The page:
Green Monster Smoothies

print2

1386027658285

A few years ago a good friend of mine introduced me to these green vegetable-fruit smoothies. At first, I admit I was more than skeptical. They were green and weird. Drinking spinach? As a self-proclaimed veggie hater, this was pure crazy talk, I proclaimed! But the funny thing is, I found them delicious. I couldn’t get enough of them to be more accurate, and they have been a staple ever since. Let me tell you why I love these gross-looking drinks;

  • Firstly, and foremost they don’t taste like they look! When made correctly, these smoothies don’t taste like salad, but delicious fruit. This is good because I have a tendency to eat like a little kid and avoid veggies like the plague. And hey, that’s not so great. Everyone needs some veg in their life. This smoothie is a great way to “sneak” those veggies in.
  • These smoothies make me feel very energized and they can be a great caffeine-free pick me up.
  • Green Monsters are great for a meal or snack on the go.
  • I also love the choices. I have a green monster smoothie several times a week, but they vary in flavor depending on how I’m feeling that day.

So be brave. Step outside your comfort zone and give it a try. With the holidays approaching and all the rich food associated with this time of year, you’ll be glad you did.

So here are the basics to making your own Green Monster. The ingredients are guidelines and the measurements approximate.

There are 4 components to a Green Monster;

(1.) The Greens

To make a green monster smoothie you need some greens! I typically go for spinach, but kale or arugula are also good choices. I promise you won’t be able to taste them so use whatever you like.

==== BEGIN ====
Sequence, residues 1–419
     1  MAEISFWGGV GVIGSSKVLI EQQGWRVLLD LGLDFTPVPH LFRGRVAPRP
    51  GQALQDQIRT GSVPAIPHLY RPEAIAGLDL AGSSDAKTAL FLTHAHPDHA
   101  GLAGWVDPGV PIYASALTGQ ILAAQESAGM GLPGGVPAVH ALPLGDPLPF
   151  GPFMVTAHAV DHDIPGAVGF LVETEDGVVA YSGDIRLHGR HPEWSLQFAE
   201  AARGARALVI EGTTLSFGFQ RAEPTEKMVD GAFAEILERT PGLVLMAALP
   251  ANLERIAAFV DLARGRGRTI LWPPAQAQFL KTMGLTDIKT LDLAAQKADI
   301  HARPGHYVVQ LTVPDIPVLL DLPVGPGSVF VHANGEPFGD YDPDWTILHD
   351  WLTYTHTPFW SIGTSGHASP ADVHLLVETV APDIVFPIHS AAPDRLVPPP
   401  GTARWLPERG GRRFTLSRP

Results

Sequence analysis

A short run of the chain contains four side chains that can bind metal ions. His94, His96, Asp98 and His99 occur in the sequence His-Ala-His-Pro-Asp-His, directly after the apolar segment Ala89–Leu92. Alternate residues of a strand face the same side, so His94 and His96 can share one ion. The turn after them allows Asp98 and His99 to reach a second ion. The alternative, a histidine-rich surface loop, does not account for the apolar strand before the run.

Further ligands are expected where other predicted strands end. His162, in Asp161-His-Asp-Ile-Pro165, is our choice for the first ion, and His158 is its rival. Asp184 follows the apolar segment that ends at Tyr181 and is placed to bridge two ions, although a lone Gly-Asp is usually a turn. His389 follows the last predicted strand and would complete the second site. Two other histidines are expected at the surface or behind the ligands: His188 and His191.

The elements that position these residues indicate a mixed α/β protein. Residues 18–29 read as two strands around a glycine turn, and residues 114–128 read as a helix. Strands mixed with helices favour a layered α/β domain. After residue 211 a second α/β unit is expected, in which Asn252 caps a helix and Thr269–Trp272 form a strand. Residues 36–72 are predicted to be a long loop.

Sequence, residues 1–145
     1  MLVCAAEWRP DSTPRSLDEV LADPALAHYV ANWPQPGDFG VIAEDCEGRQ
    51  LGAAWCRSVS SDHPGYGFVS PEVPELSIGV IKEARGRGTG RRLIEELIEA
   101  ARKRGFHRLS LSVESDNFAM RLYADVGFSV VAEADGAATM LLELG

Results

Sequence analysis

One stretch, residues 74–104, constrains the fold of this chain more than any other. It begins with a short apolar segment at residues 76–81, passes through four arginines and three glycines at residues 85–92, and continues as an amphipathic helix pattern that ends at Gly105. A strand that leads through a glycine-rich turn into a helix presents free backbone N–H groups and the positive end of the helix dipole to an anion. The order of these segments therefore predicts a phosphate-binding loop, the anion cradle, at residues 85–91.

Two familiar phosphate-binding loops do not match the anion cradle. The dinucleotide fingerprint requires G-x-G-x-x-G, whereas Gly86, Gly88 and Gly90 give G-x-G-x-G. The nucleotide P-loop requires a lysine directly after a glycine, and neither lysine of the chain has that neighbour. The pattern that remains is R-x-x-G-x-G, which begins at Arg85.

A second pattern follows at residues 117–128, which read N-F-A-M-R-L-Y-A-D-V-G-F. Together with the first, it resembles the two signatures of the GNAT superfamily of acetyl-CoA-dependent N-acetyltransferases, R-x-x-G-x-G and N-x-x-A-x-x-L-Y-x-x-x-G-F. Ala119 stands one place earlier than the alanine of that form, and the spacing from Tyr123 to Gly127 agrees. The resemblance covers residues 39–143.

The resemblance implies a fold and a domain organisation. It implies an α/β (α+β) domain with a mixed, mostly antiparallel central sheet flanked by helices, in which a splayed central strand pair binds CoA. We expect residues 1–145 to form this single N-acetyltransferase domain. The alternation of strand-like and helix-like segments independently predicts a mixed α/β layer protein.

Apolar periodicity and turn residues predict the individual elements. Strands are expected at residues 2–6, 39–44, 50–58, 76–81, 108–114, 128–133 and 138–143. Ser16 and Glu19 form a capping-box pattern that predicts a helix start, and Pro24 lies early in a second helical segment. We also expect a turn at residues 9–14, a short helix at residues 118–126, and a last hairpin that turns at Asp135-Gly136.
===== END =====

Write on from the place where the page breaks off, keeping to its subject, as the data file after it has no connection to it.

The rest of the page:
(2.) The Liquid

This is extremely flexible; milk of any kind (almond, soy, coconut), milk with a splash of juice, cold green tea, or even water. I usually use skim milk or almond milk. To make this smoothie a meal replacement I recommend adding some protein powder to really make it filling.

(3.) The Masking Agent

This ingredient is going to cover up the flavor of the greens. In my opinion, the best choices are banana, pineapple, or ginger. They have really bold flavors that easily cover up any green flavor and have a lot of pairing options for additional fruit flavors.

(4.) Additional Fruit Flavor

This ingredient acts as another flavor component that don’t cover up the greens on its own, but complements the Masking Agent. Go for what you like and get creative! Examples: blueberries, strawberries, cherries, apples, oranges, mango

My Favorite Smoothie Flavors:

  • Spinach-Skim Milk-Banana-Blueberry
  • Spinach-Skim Milk-Banana-Strawberry
  • Arugula-Water-Ginger-Mango-Crushed Ice

The Method:

First, combine some of the liquid and the greens. You want a generous portion of greens here, about 1 1/2 cups-2 cups, and a splash of liquid (1/4 c). More will be added later, but for now the goal is to get a smooth texture, and break down the greens. Using a blender mix the liquid and greens until you have a smooth green liquid with no large bits of green in it.